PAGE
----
Army career manager ‘emotionally exhausted’ from screwing so many people


Photo: US Army via AP

FORT KNOX, Ky. — Your career manager is “emotionally” exhausted from screwing so many people today, sources report. 

Capt. Melanie Benford, who manages the careers of aviation captains, reportedly screwed over at least 20 different pilots before even eating lunch time on Monday morning. 

She started with a threesome: Capt. Andrew Adams and his field-artillery wife, Capt. Annie Adams. Both officers ranked Fort Campbell as their top duty station and were requested by units in the 101st Airborne Division to work there, one-to-one matches with the Army’s new talent marketplace. They are enrolled in the Married Army Couples Program, a program that purports to keep married service members together when possible.

However, on Monday morning Capt. Benford identified a shortage of pilots at Fort Bragg. She saw “Andrew Adams” at the top of her alphabetical list and immediately altered his orders—too easy! She didn’t bother to notify him, as he should be checking his Human Resources account daily. 

Next were a series of “broadening assignments.” TRADOC needs pilots, too, and Capt. Benford had to fill those slots ASAP. She changed the orders of four separate officers after telling them for months they would be posted elsewhere. Capt. Tyson, who had planned a wedding near Fort Drum, NY, her expected new duty station, was re-routed to Fort Irwin, CA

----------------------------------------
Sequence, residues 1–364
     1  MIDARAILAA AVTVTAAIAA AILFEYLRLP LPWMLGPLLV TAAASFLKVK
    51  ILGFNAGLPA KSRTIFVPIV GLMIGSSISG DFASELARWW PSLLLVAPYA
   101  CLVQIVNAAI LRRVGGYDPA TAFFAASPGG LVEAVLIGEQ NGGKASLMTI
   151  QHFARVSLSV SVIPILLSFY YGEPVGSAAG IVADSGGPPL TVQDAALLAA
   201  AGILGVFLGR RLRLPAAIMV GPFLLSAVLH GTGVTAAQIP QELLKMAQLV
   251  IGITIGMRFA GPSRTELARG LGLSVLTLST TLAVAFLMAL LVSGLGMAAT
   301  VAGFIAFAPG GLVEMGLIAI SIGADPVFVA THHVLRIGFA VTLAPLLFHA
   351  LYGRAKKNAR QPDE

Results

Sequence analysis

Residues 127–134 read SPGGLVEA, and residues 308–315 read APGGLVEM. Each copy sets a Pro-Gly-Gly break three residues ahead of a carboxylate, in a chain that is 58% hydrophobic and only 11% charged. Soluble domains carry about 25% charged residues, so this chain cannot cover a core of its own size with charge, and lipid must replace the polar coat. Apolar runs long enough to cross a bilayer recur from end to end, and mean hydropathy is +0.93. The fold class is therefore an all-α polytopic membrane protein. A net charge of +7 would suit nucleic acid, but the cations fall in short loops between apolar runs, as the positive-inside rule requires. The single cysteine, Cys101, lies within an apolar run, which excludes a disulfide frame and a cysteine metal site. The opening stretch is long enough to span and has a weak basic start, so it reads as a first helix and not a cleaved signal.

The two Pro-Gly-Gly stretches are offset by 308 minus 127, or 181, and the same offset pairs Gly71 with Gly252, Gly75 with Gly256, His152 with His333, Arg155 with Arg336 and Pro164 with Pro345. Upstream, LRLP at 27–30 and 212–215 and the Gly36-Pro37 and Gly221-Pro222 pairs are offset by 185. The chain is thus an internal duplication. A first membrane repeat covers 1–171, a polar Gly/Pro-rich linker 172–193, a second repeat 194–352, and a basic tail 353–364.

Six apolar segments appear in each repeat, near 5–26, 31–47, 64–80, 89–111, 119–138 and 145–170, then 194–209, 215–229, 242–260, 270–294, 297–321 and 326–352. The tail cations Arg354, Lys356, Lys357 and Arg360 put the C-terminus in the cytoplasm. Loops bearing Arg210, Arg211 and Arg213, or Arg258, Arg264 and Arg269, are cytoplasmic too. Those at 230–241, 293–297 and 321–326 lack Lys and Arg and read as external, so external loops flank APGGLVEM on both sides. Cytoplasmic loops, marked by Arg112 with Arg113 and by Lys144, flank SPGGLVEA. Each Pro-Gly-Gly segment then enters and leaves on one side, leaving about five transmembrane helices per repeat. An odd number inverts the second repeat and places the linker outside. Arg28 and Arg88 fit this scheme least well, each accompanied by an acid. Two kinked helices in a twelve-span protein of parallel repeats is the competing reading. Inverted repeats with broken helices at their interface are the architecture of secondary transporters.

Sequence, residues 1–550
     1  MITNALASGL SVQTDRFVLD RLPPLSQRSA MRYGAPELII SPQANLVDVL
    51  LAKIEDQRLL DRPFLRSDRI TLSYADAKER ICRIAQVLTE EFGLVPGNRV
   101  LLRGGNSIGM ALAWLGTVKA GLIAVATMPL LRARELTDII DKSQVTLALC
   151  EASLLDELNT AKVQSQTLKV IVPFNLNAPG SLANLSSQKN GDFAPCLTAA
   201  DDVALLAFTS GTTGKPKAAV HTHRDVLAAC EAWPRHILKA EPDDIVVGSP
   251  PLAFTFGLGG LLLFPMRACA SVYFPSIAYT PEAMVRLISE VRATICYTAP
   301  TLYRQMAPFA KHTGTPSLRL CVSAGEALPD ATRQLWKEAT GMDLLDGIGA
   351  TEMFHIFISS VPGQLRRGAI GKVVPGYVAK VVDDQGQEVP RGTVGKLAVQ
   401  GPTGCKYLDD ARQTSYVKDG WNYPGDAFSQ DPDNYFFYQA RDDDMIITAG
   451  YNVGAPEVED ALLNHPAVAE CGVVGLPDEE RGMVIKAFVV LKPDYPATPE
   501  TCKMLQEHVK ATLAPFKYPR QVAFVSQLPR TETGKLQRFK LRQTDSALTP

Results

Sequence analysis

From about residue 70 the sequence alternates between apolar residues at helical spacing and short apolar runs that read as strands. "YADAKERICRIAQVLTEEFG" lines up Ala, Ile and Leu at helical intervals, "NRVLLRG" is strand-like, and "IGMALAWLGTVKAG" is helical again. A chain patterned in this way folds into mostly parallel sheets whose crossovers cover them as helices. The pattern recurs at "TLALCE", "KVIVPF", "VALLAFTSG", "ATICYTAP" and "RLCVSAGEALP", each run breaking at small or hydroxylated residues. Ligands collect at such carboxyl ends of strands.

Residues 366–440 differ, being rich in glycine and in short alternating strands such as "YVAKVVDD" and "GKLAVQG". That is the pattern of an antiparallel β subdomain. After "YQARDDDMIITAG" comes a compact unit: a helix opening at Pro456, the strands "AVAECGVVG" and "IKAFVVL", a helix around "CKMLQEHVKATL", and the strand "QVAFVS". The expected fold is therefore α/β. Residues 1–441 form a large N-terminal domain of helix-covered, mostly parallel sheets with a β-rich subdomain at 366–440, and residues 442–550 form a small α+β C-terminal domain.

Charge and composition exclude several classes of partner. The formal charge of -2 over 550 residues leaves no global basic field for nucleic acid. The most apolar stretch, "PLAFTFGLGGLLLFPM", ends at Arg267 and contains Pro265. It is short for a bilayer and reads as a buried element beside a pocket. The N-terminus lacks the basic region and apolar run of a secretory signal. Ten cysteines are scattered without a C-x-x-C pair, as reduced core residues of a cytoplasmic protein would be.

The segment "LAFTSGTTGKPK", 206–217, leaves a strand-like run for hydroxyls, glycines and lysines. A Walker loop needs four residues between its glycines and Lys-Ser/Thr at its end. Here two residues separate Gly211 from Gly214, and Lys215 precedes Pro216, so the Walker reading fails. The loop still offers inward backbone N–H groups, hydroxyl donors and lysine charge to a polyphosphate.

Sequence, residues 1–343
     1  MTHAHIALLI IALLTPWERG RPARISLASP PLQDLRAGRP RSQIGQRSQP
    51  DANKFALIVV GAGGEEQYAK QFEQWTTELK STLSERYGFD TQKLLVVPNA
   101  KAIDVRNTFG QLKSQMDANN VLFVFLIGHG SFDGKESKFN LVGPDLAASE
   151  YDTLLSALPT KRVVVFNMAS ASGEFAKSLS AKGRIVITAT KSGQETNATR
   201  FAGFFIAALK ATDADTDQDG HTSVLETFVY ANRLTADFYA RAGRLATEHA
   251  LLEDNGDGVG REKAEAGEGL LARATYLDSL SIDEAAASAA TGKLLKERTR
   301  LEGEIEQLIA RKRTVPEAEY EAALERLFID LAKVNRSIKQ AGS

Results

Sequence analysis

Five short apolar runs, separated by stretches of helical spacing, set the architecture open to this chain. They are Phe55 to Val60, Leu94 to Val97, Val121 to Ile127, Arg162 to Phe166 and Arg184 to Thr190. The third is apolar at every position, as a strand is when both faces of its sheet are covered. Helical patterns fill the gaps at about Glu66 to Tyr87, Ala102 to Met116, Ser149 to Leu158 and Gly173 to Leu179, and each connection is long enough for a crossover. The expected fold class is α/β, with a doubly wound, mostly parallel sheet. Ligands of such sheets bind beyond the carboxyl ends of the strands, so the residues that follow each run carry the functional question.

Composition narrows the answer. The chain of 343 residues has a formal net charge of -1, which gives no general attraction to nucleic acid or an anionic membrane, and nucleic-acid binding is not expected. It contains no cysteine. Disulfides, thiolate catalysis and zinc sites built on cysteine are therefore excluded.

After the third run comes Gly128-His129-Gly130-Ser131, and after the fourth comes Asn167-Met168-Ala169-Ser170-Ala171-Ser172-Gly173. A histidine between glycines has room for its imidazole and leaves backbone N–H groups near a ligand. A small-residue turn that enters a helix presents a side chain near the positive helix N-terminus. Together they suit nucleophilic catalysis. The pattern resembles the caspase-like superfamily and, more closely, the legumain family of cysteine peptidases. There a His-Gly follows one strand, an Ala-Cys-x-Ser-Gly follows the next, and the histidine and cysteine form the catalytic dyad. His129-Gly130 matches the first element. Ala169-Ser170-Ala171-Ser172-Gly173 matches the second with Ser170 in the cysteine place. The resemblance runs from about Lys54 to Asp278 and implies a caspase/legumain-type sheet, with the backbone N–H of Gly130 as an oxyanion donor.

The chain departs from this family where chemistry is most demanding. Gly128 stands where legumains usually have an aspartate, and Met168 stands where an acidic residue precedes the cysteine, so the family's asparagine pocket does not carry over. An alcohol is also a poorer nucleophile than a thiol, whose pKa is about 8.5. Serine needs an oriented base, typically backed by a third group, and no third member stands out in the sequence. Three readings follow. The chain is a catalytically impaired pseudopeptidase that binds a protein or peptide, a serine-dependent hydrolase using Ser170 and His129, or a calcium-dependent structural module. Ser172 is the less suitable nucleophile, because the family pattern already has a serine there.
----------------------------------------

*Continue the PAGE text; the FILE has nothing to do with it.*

Finally, Capt. Benford changed fifteen ‘permanent duty station’ orders to “temporary duty station orders” for the aviation captain’s career course. What does this mean exactly? Well, instead of families moving with their service member, service members must move to the career course alone and will be staying in a hotel or a barracks room for five to six months.

“I just returned from a nine-month deployment, and now I’ll hardly see my husband and two kids for six months,” says Capt. Joelle Fillya. “This is absurd, especially considering that all of our career course classes are online! Why don’t we complete the course remotely so that we can stay with our families?”

Capt. Fillya apparently doesn’t understand that separating families helps to prevent the spread of COVID-19, according to general officers who hate their families. 

What would happen if Capt. Benford stopped screwing her pilots, voiced their concerns, failed, or didn’t fill all of her slots? Well, her numbers wouldn’t look so good, and her evaluation might suffer. And she can’t let that happen, because it’s all about the game, baby.


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